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Agincourt: The King, the Campaign, the…

Agincourt: The King, the Campaign, the Battle (2005)

by Juliet Barker

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7841718,173 (4.08)26
"Two armies face off across a sodden plateau in northeastern France, each waiting for the other to make the first move. On one side are the English, suffering from dysentery and starvation, their numbers devastated. Arrayed against them is a rested and well-fed French army, a sea of burnished armor and menacing weaponry primed to slaughter the foolish invaders. Nevertheless, the charismatic and brilliant English king, twenty-eight-year-old Henry V, defies conventional military wisdom and leads his "band of brothers" forward. His troops are outnumbered six to one." "What follows is one of the most remarkable battles in history, celebrated for almost six centuries as the classic triumph of the underdog in the face of seemingly insurmountable odds. Immortalized by Shakespeare and by contemporary historians, the battle of Agincourt has been embellished and edited by the quill of unbridled nationalism. Now, drawing on a wide range of primary sources and original research, medievalist Juliet Barker casts aside the myth and shows us the truth behind Henry's invasion of France and the showdown at Agincourt. She paints a narrative of the entire campaign, from the preparations to the reaping of the spoils. We are there in the English camps as common men struggle to secure buckles and laces with numb fingers; in the French front lines as petulant noblemen squabble over positions in the vanguard; and in the deep mud as heavily armed knights stumble and struggle under a barrage of arrows so thick and fast that it darkens the skies." "Barker also takes us beyond the battlefield to bring into focus the dynamics of medieval life in peace and war. We meet ordinary and extraordinary people such as Margaret Merssh, a female blacksmith who forges arms in the Tower of London; Lord Grey of Codnor, who pawns his own armor to pay his soldiers' wages; and Raoul de Gaucourt, the gallant French knight who surrenders himself into English custody simply because the code of chivalry compels him to do so."--BOOK JACKET. Also includes information on archers, armour, chivalry, coats of arms, gunpowder, heralds, horses, knights, men at arms, prisoners, ships, tournaments, Tower of London, wine, women, etc.… (more)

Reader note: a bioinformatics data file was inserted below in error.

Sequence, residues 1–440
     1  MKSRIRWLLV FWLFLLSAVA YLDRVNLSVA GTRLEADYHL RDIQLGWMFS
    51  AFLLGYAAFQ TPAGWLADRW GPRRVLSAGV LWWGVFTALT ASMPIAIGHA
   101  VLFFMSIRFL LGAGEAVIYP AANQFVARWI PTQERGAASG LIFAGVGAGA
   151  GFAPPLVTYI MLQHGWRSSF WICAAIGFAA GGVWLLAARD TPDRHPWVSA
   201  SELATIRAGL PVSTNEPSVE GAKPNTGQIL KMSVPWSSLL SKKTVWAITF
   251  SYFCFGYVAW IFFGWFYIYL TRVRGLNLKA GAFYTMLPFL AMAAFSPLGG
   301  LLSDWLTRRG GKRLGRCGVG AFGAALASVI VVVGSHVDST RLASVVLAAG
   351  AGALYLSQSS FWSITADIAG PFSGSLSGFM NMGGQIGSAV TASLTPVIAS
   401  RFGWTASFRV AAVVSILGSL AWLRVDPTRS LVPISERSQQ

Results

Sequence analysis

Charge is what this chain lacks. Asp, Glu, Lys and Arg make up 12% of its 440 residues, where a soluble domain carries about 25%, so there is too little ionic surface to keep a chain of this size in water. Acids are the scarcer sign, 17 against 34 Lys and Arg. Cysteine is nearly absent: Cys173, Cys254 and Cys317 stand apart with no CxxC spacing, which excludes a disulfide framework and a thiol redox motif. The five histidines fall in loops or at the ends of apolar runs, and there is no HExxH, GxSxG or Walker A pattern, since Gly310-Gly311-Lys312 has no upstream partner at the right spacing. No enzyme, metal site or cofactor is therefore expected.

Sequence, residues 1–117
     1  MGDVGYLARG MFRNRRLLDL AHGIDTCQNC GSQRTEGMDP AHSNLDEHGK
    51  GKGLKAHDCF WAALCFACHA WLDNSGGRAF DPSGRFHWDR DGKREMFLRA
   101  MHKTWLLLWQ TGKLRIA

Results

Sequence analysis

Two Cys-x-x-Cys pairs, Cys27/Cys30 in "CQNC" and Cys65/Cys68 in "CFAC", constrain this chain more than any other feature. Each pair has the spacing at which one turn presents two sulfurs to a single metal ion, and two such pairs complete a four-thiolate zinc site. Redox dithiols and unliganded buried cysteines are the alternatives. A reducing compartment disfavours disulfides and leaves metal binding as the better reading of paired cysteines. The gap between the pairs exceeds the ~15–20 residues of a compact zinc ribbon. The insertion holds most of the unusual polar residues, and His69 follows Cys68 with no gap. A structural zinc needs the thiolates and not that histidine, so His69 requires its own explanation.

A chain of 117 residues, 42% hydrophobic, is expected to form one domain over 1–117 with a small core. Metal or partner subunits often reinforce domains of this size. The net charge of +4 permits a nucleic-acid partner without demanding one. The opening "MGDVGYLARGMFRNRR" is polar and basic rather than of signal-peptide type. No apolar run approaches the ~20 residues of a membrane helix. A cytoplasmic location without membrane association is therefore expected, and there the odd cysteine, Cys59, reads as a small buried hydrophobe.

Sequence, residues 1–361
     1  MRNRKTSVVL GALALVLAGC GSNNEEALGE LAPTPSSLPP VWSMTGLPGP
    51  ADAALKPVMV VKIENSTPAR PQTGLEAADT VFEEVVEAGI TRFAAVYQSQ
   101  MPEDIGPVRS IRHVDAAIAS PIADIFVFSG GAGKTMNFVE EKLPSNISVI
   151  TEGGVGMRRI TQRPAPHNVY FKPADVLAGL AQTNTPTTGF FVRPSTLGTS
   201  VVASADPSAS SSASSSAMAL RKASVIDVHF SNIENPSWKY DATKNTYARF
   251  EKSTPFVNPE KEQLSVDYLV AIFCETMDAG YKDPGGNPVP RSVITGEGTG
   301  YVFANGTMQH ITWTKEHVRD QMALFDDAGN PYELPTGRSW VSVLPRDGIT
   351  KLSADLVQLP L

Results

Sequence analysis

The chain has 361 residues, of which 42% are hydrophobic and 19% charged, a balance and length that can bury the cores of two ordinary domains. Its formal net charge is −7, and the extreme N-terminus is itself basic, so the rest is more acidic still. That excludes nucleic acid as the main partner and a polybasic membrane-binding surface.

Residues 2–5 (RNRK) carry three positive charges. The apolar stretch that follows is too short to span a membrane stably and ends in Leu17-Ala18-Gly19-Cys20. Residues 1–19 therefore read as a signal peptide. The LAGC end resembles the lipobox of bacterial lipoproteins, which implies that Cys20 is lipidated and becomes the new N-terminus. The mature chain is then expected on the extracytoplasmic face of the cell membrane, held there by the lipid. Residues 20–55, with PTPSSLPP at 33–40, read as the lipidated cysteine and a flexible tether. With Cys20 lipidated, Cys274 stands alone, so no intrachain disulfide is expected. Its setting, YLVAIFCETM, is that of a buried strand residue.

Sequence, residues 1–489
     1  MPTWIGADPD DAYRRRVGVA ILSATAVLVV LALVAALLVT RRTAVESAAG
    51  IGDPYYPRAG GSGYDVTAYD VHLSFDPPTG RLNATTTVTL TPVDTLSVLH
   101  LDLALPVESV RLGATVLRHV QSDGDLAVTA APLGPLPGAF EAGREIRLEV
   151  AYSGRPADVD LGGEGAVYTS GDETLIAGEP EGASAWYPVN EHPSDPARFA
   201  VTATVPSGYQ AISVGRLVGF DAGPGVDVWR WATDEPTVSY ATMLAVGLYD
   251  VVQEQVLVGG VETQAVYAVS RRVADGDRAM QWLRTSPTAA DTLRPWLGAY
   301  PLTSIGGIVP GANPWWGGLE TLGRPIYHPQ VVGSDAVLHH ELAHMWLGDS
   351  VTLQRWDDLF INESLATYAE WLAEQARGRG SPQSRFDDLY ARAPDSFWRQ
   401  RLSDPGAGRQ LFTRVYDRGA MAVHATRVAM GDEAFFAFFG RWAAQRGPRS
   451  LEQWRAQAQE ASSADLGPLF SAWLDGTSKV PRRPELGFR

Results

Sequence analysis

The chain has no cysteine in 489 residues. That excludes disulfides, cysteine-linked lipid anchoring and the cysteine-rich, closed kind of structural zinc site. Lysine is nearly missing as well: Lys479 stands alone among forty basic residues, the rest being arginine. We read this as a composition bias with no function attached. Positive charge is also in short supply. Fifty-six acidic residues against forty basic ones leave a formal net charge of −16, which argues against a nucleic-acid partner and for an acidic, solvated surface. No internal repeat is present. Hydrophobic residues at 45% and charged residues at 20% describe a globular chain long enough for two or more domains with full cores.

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» See also 26 mentions

Showing 1-5 of 17 (next | show all)